About Potentially Dangerous
During World War II, the U.S Government restricted the actions and freedoms of 600,000 Italian residents of the United States. All were declared “Enemy Aliens,” and many were placed under curfew, banned from their workplaces, evacuated from their homes and communities, and even placed in internment camps.
Many of these people had been in the United States for decades, had children born in their adopted country, and had sons serving in the U.S. Military.
During that era, Italians made up the biggest foreign-born group in the country. As the Department of Justice would later say, “The impact of the wartime experience was devastating to the Italian American communities in the United States, and its effects are still being felt.”
Interned Italians were not charged with a crime or allowed legal representation. They were subjected to “loyalty hearings” and held for the duration of the war. The United States government considered them “Potentially Dangerous” not based on anything they had done, but on where they were born.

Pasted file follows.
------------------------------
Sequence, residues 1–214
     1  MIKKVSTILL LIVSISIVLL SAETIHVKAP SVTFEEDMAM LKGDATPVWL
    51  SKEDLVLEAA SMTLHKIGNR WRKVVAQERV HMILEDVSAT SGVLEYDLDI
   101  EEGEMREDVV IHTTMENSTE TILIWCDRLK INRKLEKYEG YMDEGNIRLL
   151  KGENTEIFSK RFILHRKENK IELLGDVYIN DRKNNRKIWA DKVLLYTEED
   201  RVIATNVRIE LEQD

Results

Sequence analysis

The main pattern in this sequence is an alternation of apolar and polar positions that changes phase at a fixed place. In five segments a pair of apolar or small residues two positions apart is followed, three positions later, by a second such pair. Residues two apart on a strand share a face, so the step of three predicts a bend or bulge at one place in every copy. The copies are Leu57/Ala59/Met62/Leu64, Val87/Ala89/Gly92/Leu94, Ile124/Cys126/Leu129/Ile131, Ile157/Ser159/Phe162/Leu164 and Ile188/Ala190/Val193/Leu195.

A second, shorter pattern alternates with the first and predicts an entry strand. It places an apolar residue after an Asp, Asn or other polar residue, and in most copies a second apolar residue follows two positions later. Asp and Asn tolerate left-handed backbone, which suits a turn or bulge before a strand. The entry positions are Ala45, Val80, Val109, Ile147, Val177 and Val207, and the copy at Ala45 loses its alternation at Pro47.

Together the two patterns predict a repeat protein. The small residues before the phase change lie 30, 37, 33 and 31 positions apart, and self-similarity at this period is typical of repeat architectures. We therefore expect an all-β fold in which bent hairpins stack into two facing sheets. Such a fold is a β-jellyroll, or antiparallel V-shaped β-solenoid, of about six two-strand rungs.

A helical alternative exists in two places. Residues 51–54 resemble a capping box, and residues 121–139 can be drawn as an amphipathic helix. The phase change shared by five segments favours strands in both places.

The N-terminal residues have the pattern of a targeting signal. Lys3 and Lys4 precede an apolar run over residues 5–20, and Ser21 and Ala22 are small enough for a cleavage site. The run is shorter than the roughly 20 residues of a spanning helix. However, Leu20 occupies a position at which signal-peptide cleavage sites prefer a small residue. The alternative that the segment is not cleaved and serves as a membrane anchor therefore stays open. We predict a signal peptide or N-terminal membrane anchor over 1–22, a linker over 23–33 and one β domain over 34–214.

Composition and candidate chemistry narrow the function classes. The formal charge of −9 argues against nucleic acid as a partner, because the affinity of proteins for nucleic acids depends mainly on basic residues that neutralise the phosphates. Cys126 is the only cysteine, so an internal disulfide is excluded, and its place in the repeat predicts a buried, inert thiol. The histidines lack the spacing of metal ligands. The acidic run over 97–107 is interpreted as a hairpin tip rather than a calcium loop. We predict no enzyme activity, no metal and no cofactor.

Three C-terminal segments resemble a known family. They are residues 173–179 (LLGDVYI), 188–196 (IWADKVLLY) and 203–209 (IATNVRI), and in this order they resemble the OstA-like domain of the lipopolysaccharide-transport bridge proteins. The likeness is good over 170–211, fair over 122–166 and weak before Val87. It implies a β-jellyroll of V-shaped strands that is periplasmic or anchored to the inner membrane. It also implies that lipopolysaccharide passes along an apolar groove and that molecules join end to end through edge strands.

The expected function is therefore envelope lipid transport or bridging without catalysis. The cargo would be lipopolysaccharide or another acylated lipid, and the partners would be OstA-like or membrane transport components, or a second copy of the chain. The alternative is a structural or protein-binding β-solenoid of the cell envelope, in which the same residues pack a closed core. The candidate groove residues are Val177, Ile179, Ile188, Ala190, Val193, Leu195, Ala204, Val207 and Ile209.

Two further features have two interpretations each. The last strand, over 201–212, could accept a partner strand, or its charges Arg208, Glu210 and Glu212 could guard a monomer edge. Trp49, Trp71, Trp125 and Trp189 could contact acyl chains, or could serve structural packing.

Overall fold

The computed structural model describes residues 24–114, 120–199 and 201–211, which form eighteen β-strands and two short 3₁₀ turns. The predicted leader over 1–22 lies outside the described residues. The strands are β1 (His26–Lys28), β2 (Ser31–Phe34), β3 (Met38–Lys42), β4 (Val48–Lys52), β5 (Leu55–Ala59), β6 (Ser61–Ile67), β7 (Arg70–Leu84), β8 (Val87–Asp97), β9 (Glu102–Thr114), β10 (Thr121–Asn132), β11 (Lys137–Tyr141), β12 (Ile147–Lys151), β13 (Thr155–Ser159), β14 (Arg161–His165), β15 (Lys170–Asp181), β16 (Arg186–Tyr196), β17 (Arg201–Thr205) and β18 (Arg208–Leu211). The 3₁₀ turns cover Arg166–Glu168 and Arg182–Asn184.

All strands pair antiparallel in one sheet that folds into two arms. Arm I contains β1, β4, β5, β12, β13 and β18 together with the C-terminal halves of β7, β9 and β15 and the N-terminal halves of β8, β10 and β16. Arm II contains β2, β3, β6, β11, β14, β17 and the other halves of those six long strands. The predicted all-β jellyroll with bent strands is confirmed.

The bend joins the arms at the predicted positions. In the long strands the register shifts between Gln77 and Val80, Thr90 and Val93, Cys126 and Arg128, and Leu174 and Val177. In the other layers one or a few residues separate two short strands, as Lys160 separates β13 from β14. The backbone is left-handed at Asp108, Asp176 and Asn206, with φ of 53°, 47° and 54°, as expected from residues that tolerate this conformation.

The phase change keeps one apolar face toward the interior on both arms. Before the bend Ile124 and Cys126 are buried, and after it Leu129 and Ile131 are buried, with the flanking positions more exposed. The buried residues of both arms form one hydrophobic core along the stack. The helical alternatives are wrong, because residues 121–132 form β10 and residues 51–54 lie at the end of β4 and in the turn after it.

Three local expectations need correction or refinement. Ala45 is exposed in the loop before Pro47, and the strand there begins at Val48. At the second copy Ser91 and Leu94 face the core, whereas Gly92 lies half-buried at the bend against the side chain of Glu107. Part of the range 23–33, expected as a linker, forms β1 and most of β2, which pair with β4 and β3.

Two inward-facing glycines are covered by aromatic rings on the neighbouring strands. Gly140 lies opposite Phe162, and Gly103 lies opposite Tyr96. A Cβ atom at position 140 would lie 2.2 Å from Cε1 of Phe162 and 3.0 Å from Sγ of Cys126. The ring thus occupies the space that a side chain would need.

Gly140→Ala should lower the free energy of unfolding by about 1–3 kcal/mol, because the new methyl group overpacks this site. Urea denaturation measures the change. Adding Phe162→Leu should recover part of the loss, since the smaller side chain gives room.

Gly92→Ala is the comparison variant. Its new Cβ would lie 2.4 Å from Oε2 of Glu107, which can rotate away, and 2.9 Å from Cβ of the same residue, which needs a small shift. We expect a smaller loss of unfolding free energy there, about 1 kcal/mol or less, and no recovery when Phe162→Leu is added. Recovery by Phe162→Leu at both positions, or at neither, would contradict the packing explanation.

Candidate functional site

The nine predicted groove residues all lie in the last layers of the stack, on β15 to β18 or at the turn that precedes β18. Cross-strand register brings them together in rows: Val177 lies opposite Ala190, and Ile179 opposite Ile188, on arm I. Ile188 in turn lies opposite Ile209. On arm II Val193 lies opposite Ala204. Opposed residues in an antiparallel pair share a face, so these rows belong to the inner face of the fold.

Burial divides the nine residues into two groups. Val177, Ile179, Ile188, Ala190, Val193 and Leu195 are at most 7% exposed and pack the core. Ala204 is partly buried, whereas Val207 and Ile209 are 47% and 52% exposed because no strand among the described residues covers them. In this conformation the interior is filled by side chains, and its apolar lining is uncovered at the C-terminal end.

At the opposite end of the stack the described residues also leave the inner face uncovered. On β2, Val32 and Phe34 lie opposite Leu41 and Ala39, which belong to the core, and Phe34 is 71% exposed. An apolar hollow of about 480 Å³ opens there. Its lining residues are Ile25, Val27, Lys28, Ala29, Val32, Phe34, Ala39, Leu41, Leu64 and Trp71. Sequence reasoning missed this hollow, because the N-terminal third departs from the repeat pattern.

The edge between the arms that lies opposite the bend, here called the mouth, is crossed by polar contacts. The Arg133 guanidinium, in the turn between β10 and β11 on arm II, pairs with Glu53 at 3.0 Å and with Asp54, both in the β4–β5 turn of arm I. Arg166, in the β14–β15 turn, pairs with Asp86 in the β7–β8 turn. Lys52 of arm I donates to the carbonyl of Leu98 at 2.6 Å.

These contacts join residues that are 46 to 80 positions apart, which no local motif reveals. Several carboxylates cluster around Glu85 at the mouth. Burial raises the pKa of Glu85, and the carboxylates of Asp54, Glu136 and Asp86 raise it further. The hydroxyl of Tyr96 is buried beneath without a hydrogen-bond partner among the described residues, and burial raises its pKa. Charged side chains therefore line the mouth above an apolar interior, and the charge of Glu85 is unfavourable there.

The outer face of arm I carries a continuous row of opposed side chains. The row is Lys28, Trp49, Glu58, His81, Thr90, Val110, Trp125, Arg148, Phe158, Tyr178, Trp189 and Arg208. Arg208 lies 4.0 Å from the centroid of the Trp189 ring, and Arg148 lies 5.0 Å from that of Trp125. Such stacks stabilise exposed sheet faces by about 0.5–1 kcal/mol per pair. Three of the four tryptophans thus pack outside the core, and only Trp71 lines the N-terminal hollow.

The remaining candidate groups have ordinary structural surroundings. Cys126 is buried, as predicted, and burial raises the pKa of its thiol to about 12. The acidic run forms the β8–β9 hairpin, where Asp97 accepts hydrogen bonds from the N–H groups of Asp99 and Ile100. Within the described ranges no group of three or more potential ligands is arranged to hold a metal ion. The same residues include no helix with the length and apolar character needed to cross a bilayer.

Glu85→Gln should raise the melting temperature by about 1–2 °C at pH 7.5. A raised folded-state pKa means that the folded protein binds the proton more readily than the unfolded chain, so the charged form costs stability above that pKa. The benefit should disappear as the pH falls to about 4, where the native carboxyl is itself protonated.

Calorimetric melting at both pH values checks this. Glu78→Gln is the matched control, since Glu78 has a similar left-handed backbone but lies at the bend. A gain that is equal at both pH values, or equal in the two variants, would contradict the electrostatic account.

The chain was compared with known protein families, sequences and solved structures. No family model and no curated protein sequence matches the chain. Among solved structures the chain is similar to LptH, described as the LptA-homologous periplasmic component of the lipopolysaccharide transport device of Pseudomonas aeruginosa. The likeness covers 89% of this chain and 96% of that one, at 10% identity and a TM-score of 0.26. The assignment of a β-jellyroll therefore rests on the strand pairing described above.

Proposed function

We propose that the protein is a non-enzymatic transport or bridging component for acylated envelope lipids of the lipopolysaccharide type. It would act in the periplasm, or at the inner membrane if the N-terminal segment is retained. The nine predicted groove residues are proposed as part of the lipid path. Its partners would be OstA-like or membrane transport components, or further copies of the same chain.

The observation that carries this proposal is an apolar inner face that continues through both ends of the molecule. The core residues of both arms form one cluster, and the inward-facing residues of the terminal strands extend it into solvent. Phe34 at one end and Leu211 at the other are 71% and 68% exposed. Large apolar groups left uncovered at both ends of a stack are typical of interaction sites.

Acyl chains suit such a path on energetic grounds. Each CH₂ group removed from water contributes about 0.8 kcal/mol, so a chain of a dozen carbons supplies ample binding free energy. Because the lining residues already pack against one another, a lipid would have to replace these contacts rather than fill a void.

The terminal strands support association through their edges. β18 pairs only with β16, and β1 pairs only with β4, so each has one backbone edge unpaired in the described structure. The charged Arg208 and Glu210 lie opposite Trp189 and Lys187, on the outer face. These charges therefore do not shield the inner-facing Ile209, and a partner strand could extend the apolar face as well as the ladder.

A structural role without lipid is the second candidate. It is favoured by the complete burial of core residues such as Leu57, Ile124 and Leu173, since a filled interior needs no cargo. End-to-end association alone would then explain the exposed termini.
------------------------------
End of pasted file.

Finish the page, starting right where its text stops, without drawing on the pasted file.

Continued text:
Most Italians refused to speak about what happened to them. Even 80 years later, many have remained silent. Until now. Hear their stories for the first time in Potentially Dangerous.
Sponsored by the Depts of Modern Languages & Literatures, History, Sociology; Dr. Victor and Julia Botto Vari Italian Studies Initiative; Center for Arts & Humanities; da Vinci RLC, Office for Multicultural Learning; SCU Library